Does Street Dance need a formal teaching curriculum?
by Natasha Bunbury
I believe Street Dance needs the underpinning of a syllabus. To understand why a formalised structure is relevant, we must first look at and understand why and what it has prevented it from happening before now.
Hip Hop and Street Dance’s roots originate in social dance and culture. Much like some other dance forms, it grew from a self expression of every day life and although it has now become a publicly recognised dance form, it had not been acknowledged by the dance industry until recently. Unfortunately, like many other non-western dance forms, Street Dance has been affected by an industry hierarchy dominated by an elitist attitude towards the art of dance, one that really only reveres dance forms with European ballet technique at their root. This stance, compounded with the social politics affecting African culture and people from the Diaspora over the last 50 years, left the birthing stages of Hip Hop and Street Dance overlooked.
Previously written off as an America dance craze of the 1970’s and 80’s, with the dawn of MTV, Hip Hop and Street Dance found a home in popular culture with Rap music leading the way. Besides a few Hip Hop dance movies such as Breakdance and Beat Street in the 1980’s, the bulk of the development and growth of Street Dance happened through the music video phenomenon as nurtured by the music industry. However their agenda is not dance development but to sell music on a mass scale and make money.
Today, Hip Hop and Street Dance styles contribute to the success of a multi-million pound global industry and are a necessary component of any successful pop star’s performing vocabulary. As a consequence of the music industry’s grip on influencing popular culture, Street Dance is now the most accessible form of dance in the secular media.
Never the less Street Dance has been hijacked.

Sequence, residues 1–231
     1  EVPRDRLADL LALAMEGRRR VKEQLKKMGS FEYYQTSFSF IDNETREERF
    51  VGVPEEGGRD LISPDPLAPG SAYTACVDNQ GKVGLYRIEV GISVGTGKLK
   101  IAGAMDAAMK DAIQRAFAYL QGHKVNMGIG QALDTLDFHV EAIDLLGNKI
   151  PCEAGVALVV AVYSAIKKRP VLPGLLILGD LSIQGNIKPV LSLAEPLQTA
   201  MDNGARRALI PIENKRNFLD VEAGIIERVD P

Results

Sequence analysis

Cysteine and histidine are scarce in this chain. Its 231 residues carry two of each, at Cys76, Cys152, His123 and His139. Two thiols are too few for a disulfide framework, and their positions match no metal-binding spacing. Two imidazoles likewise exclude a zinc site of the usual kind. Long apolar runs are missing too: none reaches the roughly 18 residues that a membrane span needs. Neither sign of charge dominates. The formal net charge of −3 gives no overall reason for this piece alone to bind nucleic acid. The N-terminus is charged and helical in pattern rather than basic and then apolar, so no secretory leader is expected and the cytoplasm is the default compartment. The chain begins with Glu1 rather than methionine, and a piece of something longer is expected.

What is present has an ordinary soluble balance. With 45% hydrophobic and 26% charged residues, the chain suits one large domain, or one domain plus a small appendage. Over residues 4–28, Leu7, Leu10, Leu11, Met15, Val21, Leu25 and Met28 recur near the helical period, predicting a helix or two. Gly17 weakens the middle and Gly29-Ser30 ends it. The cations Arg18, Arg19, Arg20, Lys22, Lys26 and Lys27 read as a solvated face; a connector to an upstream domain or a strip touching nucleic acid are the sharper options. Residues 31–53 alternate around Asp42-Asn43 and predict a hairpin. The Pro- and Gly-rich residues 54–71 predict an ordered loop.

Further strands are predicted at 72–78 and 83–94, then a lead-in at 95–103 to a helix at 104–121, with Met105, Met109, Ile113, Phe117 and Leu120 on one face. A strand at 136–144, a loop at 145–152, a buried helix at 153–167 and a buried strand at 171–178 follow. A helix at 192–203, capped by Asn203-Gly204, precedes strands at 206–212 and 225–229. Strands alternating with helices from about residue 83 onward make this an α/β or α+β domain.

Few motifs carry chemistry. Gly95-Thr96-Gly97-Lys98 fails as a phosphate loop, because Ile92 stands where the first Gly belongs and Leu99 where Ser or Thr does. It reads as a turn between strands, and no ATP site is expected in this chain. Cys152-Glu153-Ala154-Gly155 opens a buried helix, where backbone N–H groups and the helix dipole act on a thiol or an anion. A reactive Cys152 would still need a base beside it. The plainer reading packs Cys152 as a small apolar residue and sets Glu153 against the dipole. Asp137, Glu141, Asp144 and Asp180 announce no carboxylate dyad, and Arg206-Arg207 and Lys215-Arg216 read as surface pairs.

With the music industry’s focus on selling music to the masses by attracting as much attention as possible, Street Dance by association has become linked with negative Hip Hop imagery. For example the controversial glorification of gang culture; the proliferation of sexual images of semi naked women and of course all that bling. It has left many people concerned for the effect on society and the youth of today. Sadly, these often over exposed images take away from the fact that Street Dance is a serious art form, a huge vehicle for positive self-expression, and a means of employment in the creative industries.
Despite all this Street Dance fever is still growing rapidly. The general public wants to see more and do more of it. Demand is high in schools for their extra curricular school clubs. Youth projects, centres and services all around the country are requesting Street Dance work because it truly benefits and engages children. Also, to further the argument for more Street Dance, the style has been extremely successful engaging African-Caribbean children, especially boys, who have been highlighted by this government as failing in the state education system.
Seems peculiar then that Street Dance is still not accessible as part of our regular dance curriculum.
On the underground dance scene, inner city London groups such as Xposure, GWI and Boy Blue have successfully been running classes for years. Groups like theses are seldom subsidised or run on funded monies and usually have to operate more as a small business.
Many excellent community Street Dance teachers (such as those found working with the above groups) have to support themselves by working a “paying” daytime job to be able to fund their community work. The conflict here is that the majority of these tutors would have liked to gain a qualification in their chosen speciality.
The fact is they have been forced to study in other subjects in order to teach; perhaps a fitness qualification or another dance genre certificate. These dance artists have maintained an art form without any major support from the dance industry and without being able to gain a qualification to prove their level of competence in the field of their expertise.